A long time ago, back in the 1970s, period instrument performances mostly sounded sweet and low down. Part of the reason for this was the catgut strings and the lower tuning, and part of the reason was that players seemed to prefer a mellower and rounder tone. But time passed and period instrument performances became more and more strident until they became nearly painful to listen to by the late '80s. Violinist Rachel Podger has recaptured the mellow sounds of yesterday by producing a warm and almost human sound with her 1739 Persarinius instrument.
This is a welcome addition to my collection. These little gems sparkle and make me want to look at other Vivaldi pieces. It's time to go beyond the Four Seasons. These pieces show compositional variety, the playing is nuanced and exciting, and the SACD recording is superb.
In the disc's liner notes we're urged to judge Vivaldi's place "in the pantheon of great baroque composers" on the "stand-alone quality of his music" and not on errant or offhand claims of this or that musicologist. Well, owing to violinist Rachel Podger's stunning, fiercely energetic, ardently expressive, and technically assured performances and the ravishing orchestral support from the Polish period-instrument ensemble Arte Dei Suonatori, our task as listeners certainly is an easy and prodigiously enjoyable one. And that's not all the good news: this is truly one of those sonic "events" where the performers have an almost palpable presence, their sound is absolutely faithful and natural, and the balances are right on. Go ahead and turn this one up–you'll be immediately bathed in glorious, vibrant string sound, and be pleasantly surprised by the potential of Vivaldi's music to actually hold your undivided attention for an hour–maybe more.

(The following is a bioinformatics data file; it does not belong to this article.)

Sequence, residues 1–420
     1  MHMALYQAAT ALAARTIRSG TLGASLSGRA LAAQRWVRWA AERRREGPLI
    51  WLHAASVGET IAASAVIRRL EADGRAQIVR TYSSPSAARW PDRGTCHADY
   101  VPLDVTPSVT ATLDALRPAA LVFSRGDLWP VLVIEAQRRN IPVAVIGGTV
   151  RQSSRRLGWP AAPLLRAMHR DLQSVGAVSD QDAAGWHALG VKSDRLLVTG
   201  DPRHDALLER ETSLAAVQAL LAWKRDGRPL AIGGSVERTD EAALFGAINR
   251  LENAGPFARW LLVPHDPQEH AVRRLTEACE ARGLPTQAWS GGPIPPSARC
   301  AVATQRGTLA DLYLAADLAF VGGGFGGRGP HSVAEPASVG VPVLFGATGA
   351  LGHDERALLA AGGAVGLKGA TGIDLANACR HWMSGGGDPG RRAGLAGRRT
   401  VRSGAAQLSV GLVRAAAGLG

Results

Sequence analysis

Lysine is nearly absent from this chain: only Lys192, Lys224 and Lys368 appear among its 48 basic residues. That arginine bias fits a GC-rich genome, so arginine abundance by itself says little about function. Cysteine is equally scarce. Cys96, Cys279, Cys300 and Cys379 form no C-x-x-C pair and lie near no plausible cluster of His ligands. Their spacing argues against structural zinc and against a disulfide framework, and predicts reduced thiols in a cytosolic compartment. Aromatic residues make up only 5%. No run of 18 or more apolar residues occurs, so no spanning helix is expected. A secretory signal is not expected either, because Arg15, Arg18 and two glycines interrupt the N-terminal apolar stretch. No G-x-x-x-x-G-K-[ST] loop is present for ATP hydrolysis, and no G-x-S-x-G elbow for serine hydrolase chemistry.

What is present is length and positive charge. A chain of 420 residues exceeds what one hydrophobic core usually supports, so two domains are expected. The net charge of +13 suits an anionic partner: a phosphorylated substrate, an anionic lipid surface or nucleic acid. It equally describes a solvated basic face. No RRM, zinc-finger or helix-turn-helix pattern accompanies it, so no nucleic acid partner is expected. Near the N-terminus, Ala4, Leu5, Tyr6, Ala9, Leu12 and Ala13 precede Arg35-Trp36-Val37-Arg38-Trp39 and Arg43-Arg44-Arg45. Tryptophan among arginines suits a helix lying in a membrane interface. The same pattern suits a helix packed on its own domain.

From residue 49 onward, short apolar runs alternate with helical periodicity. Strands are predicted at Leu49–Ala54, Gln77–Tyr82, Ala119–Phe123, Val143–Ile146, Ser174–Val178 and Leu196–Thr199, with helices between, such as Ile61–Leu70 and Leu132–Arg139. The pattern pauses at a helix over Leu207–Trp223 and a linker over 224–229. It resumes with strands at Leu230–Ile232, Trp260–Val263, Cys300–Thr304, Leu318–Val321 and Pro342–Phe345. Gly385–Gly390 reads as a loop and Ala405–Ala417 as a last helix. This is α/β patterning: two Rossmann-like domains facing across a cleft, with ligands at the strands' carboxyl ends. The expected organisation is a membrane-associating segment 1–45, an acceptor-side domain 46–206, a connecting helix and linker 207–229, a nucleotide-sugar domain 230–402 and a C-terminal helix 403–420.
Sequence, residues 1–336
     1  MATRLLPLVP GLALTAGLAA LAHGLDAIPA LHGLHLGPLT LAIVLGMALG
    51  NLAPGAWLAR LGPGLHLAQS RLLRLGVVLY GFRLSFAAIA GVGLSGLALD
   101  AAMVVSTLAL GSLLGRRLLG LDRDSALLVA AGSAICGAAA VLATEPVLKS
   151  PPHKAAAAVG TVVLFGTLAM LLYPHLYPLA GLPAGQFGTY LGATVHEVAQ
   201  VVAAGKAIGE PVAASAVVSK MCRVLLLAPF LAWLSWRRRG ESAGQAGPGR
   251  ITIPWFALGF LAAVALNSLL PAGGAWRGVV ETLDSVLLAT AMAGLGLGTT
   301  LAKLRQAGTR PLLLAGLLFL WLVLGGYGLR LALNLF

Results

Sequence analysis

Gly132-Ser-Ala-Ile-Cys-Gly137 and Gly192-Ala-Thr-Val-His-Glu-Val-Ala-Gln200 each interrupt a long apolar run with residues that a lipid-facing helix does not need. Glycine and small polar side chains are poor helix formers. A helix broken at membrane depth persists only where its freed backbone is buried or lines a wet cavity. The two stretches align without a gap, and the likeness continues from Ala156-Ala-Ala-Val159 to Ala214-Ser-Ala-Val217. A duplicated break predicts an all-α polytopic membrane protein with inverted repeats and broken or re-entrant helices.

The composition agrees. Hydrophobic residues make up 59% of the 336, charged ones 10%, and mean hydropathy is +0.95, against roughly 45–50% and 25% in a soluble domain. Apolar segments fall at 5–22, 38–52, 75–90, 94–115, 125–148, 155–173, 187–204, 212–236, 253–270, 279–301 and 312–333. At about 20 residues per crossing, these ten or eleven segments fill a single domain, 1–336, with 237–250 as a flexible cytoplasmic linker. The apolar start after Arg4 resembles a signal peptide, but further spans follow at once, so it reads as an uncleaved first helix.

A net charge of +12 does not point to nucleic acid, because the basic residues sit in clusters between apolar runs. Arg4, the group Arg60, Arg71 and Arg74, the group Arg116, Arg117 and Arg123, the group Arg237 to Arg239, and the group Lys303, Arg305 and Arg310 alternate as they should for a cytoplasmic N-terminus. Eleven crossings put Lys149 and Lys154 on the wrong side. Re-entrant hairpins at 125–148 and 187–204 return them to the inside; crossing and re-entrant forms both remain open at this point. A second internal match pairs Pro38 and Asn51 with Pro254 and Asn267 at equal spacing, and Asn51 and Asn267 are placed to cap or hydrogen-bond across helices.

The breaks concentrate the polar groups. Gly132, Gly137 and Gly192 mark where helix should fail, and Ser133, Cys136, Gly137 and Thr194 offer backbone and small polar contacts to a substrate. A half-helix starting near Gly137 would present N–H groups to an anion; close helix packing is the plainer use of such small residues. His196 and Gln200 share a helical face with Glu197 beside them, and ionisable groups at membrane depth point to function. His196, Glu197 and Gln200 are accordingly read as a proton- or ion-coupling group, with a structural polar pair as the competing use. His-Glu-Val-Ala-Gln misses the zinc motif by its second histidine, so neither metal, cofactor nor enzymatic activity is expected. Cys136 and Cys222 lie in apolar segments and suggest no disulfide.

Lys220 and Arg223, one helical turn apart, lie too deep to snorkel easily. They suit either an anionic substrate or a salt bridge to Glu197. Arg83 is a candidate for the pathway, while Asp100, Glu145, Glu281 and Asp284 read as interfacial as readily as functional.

Les Troyens is a tour de force that ranges from fiery military marches to intense choruses, passionate soliloquies and the lyrical love duets of Dido and Aeneas. For Hector Berlioz, librettist and composer, the opera became the work of decades and the passion of a lifetime, the culmination of his literary love affair with Virgil's Aeneid and with two tragic heroines, Cassandra and Dido. David McVicar's staging is on an enormous scale, assembling one of the largest casts ever seen at Covent Garden. The sweeping theme of the rise and fall of empires runs throughout Les Troyens, along with moving meditations on love and honour.